The city wakes. People pass in their work clothes. Others show that they do not need to go to work. A retired man spends an hour at the car wash, detailing his car. He wants to give the finger to everyone going to jobs like he did for years, feeling a sense that something has been taken from him but unable to see what it is. During the last month, his answering machine has recorded exactly three messages and two were sales calls. He and his wife spend their days watching television. The boat he bought with half of their savings back when he was forty-five sits in the backyard, rusting.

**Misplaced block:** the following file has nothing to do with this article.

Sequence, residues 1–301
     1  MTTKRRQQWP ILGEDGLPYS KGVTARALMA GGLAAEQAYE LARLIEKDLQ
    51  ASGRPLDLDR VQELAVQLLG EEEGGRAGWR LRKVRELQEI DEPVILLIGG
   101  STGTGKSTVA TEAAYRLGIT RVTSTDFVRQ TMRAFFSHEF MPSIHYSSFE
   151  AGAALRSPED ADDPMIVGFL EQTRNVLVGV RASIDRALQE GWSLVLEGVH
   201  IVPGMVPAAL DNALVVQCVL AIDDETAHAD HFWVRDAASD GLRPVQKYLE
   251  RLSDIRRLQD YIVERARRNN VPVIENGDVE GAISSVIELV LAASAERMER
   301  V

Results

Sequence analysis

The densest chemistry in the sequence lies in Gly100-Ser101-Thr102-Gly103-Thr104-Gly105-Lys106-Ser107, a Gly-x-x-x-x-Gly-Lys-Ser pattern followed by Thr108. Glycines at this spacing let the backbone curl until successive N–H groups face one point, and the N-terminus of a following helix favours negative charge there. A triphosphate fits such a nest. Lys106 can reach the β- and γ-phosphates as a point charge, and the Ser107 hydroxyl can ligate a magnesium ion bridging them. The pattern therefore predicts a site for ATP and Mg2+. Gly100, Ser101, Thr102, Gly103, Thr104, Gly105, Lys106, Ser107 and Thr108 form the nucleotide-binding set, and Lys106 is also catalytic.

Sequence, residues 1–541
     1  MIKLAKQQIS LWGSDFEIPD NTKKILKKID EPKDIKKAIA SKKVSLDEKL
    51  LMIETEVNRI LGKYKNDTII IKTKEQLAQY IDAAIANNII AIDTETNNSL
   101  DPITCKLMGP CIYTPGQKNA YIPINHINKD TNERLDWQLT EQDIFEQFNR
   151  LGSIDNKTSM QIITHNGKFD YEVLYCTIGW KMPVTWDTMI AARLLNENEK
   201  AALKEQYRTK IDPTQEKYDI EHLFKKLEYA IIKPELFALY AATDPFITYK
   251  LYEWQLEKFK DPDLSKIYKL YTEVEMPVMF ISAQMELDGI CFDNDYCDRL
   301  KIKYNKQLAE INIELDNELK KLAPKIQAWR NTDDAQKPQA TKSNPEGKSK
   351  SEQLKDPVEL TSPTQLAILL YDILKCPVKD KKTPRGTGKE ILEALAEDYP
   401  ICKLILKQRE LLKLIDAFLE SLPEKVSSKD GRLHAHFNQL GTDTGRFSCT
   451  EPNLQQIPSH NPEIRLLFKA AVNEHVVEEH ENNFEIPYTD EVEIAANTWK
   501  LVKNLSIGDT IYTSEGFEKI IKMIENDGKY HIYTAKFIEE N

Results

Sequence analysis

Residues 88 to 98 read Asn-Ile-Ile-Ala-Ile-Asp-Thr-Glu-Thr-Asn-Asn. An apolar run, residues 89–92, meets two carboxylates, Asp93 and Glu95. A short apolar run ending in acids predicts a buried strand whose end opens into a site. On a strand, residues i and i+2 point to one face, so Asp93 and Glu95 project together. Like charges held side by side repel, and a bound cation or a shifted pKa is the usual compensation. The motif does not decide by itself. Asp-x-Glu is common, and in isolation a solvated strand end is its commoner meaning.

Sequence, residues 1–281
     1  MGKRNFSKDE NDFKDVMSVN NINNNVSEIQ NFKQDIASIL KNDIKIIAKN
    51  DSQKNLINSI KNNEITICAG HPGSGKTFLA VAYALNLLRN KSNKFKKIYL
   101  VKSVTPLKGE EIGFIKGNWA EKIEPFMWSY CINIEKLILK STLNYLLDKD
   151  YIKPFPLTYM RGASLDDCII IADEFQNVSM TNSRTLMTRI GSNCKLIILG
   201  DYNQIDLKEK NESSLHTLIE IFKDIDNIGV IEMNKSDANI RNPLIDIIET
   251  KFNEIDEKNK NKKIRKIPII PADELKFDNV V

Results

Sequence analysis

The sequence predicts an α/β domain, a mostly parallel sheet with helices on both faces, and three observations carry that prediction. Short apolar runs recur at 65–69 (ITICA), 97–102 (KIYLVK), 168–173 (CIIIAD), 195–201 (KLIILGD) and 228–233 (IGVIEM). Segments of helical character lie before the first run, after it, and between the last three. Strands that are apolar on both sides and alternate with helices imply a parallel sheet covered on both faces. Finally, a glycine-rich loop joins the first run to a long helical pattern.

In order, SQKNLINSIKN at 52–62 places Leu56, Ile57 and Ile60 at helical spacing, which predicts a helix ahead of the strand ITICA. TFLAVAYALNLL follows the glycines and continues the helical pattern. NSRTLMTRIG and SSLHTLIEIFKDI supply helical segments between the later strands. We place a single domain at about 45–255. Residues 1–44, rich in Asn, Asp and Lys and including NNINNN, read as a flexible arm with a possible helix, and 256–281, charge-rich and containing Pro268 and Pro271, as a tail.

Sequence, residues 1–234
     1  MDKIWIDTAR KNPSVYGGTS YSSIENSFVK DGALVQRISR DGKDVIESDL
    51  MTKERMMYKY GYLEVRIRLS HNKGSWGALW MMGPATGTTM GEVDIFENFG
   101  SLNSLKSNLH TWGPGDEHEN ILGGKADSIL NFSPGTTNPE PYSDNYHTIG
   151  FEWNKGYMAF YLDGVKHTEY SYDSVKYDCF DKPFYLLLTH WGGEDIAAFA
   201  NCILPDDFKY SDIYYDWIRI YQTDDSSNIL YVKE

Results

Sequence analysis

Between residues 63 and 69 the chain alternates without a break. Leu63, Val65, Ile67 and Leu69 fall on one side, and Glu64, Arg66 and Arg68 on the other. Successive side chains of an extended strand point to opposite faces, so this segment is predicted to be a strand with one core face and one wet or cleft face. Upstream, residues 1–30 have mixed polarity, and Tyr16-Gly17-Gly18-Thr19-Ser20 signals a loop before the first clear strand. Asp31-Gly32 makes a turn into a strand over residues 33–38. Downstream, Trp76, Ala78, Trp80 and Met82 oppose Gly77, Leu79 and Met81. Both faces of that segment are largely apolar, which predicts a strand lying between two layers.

A rich man attends to his car dealership, specifying every detail of his upcoming repair twice. He has nothing to do and the unease that he might be missing an opportunity creeps up on him. He whips out his cell phone and feigns receiving a call, then dashes out to spend an unsatisfying afternoon poring over stock prices. A thin man, obviously homeless, lights a cigarette twice, it having gone out as his hands shook. He puffs aggressively as he ambles down the road. Behind him, two joggers plan strategy for evading him without the inevitable touch for change or possibly, a brush with someone who might well have 31 varieties of hepatitis. Both the heroin addict and the joggers are thin, and both for the same reason. They want to feel good. One is addicted to opiates, the other to public opinion.